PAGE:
6. First snow arrived in late October! Even though it's freezing outside, students wear shorts, slippers while I’m wearing the thick sweater. I have to say I'm very confused with the season.

                                        Education Differences Between U.S. and China

1. Students have assigned classroom and seats, teachers travel among different rooms in China.

2. Tight bell schedule of one High School in China:


Get up
Running exercise
Self- study


Five sections
Break-morning physical exercise


Lunch and break time
Three sections
Activity and dinner time.       


I guess only highly motivated Chinese students can endure such tight schedule. At the very beginning of three-year high school life, most of the students already have a clear picture of the future in their mind-what university they want to go to or what kind of life they want to live.

There is no formative assessment, just mid-term exam and final exam. All the exercises, homework or projects are not counted for credits, just for students' benefits. And what they learn is also so limited, just focus on the academic subjects. More options are provided in the university. In U.S., students have an access to different subjects to extend their potentials. When the first time Mr. Casas showed me around in our school building, I was really shocked. Students can learn business management, photography, advertisement design, cooking, car maintenance and even woodwork, not to mention all kinds of professional sports team and clubs. What a colorful and exciting school life here!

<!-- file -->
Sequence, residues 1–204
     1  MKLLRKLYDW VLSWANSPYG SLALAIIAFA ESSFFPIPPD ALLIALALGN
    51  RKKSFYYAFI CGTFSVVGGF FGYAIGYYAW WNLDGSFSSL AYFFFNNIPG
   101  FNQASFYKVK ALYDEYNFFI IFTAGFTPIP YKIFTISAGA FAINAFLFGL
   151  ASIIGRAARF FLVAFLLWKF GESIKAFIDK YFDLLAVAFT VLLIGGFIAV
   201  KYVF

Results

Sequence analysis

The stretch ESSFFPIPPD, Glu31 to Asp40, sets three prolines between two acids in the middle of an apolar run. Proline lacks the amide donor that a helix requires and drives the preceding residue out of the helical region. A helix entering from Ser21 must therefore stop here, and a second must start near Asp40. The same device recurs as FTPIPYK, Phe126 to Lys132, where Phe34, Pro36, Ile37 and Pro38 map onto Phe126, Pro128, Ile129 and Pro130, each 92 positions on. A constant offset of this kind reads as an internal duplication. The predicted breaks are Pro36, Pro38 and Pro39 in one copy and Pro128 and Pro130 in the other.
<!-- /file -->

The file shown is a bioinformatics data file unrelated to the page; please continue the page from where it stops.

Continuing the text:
3. The tradition of respecting teachers in China
Teachers in public schools are treated like government office worker, all their benefits come from the government. Parents care much about their kids’ performance at school at such vital period, so they keep the best corporation with teachers.